The question I’d like to talk about is gender differences in academia. Recent decades have experienced a great change in schools, higher education, and academia. Gender equality has become an important consideration in a lot of programs in universities. Indeed, women have enjoyed the positive outcomes of the fight for their rights in academia. More and more women got and are getting their success in different positions of higher education. However, gender inequality still exists in a subtle way.
Ecklund et al. (2012) examined the data from a survey and interviews of scientists at top graduate programs in US and found that gender is more salient than discipline in determining reasons scientists provide for gender disparities between disciplines. Further, these authors suggested that gender is the primary factor shaping the experiences of scientists regardless of their own gender. This study revealed a complicated mechanism underlying seemingly gender equality in academia. A lot of people may think nowadays women and men already have had the same opportunity to learn knowledge and develop professional abilities to obtain success in academia. However, when we look at the current situations in the academia, we could find that the cognition of concepts such as “science”, “engineering”, and “academia”, is still gender-marked. The stereotype of women is still incompatible with people’s understanding of science.
The reason for this phenomenon may be more than policies in recruiting female faculty in universities. Some social and cultural factors also contribute to this problem. As far as I am concerned, this is one thing needs to be improved. To solve the problem, we can not only address the issues about gender equality in higher education. We need to find the solutions in a wider range. However, we should start with higher education. Indeed, higher education is a pathway for people to recognize the problem.
The article I found about social media, MOOCs, and disruptive technologies is “Making ‘MOOCs’: The construction of a new digital higher education within news media discourse” published on the International Review of Research in Open and Distributed Learning in 2014. In the article, the authors argues that a critical analysis of MOOC discourse throughout the past two years highlights broader societal struggles over education and digital technology—capturing a significant moment before these debates subside with the anticipated normalization and assimilation of MOOCs into educational practice. I agree with the authors on that we should not dismiss the discursive construction of MOOCs in the established news media sources. On the contrary, these old media are still sites where the vast majority of the general public are exposed to the notion of ‘MOOCs’.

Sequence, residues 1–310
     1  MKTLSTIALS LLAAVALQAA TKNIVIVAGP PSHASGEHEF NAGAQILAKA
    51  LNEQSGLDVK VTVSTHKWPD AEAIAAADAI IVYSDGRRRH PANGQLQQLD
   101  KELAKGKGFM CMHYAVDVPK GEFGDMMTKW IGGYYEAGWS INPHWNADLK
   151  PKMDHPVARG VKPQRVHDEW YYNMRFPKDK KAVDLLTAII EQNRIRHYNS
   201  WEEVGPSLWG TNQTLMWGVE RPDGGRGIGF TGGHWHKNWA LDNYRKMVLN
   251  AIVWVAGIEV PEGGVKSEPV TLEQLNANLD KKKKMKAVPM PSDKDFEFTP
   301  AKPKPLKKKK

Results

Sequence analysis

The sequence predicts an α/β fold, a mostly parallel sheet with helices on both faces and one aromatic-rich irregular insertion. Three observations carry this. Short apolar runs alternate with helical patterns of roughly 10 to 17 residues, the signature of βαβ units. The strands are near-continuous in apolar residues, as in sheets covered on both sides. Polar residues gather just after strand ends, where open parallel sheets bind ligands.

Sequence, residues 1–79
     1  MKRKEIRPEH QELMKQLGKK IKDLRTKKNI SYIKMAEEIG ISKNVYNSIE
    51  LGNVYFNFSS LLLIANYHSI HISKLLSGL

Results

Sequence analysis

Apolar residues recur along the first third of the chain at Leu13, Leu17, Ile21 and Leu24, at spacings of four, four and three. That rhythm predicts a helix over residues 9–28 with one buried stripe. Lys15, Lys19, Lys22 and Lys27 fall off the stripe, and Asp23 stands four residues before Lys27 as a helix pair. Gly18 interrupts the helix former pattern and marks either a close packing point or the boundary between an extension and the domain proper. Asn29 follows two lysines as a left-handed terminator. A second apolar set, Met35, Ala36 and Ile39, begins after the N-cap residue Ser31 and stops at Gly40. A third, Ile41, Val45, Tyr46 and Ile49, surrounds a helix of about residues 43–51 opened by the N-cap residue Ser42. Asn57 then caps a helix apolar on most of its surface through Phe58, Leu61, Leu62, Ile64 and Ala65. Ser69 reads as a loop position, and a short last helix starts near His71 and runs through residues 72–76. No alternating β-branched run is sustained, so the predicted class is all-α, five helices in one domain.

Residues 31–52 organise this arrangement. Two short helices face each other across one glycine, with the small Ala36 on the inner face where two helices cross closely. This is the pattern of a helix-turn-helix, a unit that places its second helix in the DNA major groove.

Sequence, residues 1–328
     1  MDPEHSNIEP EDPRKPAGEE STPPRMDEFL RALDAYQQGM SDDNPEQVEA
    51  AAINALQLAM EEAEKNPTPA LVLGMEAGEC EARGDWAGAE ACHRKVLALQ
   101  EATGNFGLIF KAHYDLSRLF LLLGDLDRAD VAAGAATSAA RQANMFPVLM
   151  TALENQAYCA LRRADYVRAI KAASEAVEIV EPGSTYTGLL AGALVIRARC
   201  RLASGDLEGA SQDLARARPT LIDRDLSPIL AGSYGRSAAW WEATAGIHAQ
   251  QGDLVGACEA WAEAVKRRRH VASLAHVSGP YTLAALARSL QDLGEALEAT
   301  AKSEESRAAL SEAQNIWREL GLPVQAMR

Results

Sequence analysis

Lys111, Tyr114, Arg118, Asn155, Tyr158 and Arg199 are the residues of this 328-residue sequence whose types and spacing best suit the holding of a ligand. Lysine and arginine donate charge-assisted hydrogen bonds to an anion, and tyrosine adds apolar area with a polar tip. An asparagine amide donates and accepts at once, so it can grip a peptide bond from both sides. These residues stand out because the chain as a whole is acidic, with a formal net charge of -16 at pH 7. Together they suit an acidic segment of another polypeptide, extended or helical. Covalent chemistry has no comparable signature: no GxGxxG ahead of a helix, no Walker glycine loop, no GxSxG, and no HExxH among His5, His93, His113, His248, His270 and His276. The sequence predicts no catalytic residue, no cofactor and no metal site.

I study psychology at VT. An open access journal I found in my area is Frontiers in Psychology (FPSYG). FPSY is published by the Frontier Editorial Office (FEO) located in Switzerland. FEO publishes a series of journal of various areas. The current field chief editor is Dr. Axel Cleeremens from Université Libre de Bruxelles in Belgium.
According to the introduction of FPSYG, the journal aims at publishing the best research across the entire field of psychology. One feature of FPSYG is diversity. Psychology is becoming increasingly important and highly interdisciplinary at all levels of society, from the treatment of clinical disorders to our basic understanding of how the mind works. The journal publishes academic articles in any domain of psychological science, which makes the content of FPSYG diverse.
For open access, philosophy of FPSYG is that all research in this area is for the benefit of humankind. Research is the product of an investment by society and therefore its fruits should be returned to all people without borders or discrimination, serving society universally and in a transparent fashion. This is the reason why all articles in FPSYG are online free and open for the society.
FPSYG is important in the open access movement for the area of psychology. A couple of years ago, I didn’t know any open access journals in psychology. We have access to the journals in specific areas of psychology and no access to other areas and the areas outside psychology. Let alone people who are not in academia. With the present of Frontier journal series, we are able to read academic articles in other areas, which facilitate our own research. More importantly, the whole society can benefit from academic research directly.